PORTSMOUTH, R.I. — The Rhode Island Department of Environmental Management (DEM) recently announced $100,000 in available grants to communities and private businesses that own and/or operate boating facilities available to the public.
The grants, funded by the U.S. Fish & Wildlife Service Clean Vessel Act (CVA), support construction and maintenance of marine and land-based pump-out facilities to assist boaters with properly disposing of sewage. Since 1994, DEM has awarded nearly $2 million in CVA grants.
“We are proud to support the efforts of our coastal communities and marinas through these grants to improve pump-out infrastructure around the state,” said DEM Director Janet Coit. “Narragansett Bay is the lifeblood of Rhode Island, and each year thousands of boaters venture out to enjoy the beauty, bounty, and tranquility of our waters. These grants have been instrumental in helping to reduce a major source of contamination to the state’s coastal waters, including the bacteria that can cause shellfish closures.”
DEM works with partners to reduce pollution into local waters. Boat sewage poses a significant threat to water quality by introducing bacteria and other pathogens and chemicals that are toxic to humans and marine life; this pollution is also a major factor in harmful algae blooms. In 1998, Rhode Island became the first state in the nation to receive a statewide “no discharge” designation from the U.S. Environmental Protection Agency that prohibits boaters from discharging sewage into local waterways.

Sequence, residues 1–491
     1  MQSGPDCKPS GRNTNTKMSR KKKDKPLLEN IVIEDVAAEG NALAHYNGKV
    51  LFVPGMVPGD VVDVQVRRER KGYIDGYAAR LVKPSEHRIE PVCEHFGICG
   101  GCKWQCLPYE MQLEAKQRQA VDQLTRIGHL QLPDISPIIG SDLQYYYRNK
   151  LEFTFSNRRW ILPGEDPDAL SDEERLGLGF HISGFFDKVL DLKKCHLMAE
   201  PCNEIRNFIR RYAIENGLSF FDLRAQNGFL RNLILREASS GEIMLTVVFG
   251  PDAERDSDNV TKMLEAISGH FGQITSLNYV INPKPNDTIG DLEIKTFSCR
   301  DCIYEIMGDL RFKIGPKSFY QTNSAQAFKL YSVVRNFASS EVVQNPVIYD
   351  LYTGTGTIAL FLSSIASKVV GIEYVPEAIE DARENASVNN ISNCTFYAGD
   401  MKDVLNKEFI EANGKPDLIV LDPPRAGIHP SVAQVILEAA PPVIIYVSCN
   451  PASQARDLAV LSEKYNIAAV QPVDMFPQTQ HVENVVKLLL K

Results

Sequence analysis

There are currently 16 pump-out boats and 54 land-side facilities located at 62 sites across Narragansett Bay and coastal waters. Many require repair and upgrades as they have exceeded their useful life expectancy since initial construction. All pump-out facilities must be kept fully operational to adequately meet the demand. There are nearly 40,000 registered boats in Rhode Island, and the state welcomes many visiting boats each year.
“With Earth Day approaching, we encourage all Rhode Islanders to take some time this weekend to explore the sandy shores and sparkling waterways that grace Rhode Island,” Director Coit added. “Getting out in nature is good for body and soul, and we are fortunate to have so many opportunities to enjoy our tremendous water resources – from boating to fishing to paddling on Rhode Island’s blueways.”
Marinas, yacht clubs, and municipalities are eligible to apply for funding; projects to construct, replace, retrofit, or maintain pump-out facilities will be considered. Up to $18,750 is available for land-based projects, and up to $56,250 is available for pump-out boat facilities. A 25% funding match is required. All facilities that receive CVA grants must be open to the public and may not charge more than $5 per 25 gallons pumped.
For more information or to download an application, visit http://www.dem.ri.gov/programs/benviron/water/finance/clean/pdf/cvagrpro.pdf.
Applications should be mailed to DEM Office of Water Resources, 235 Promenade Street, Providence RI 02908 or emailed to firstname.lastname@example.org. All applications are due by 4:00 p.m. on Friday, June 1, 2018.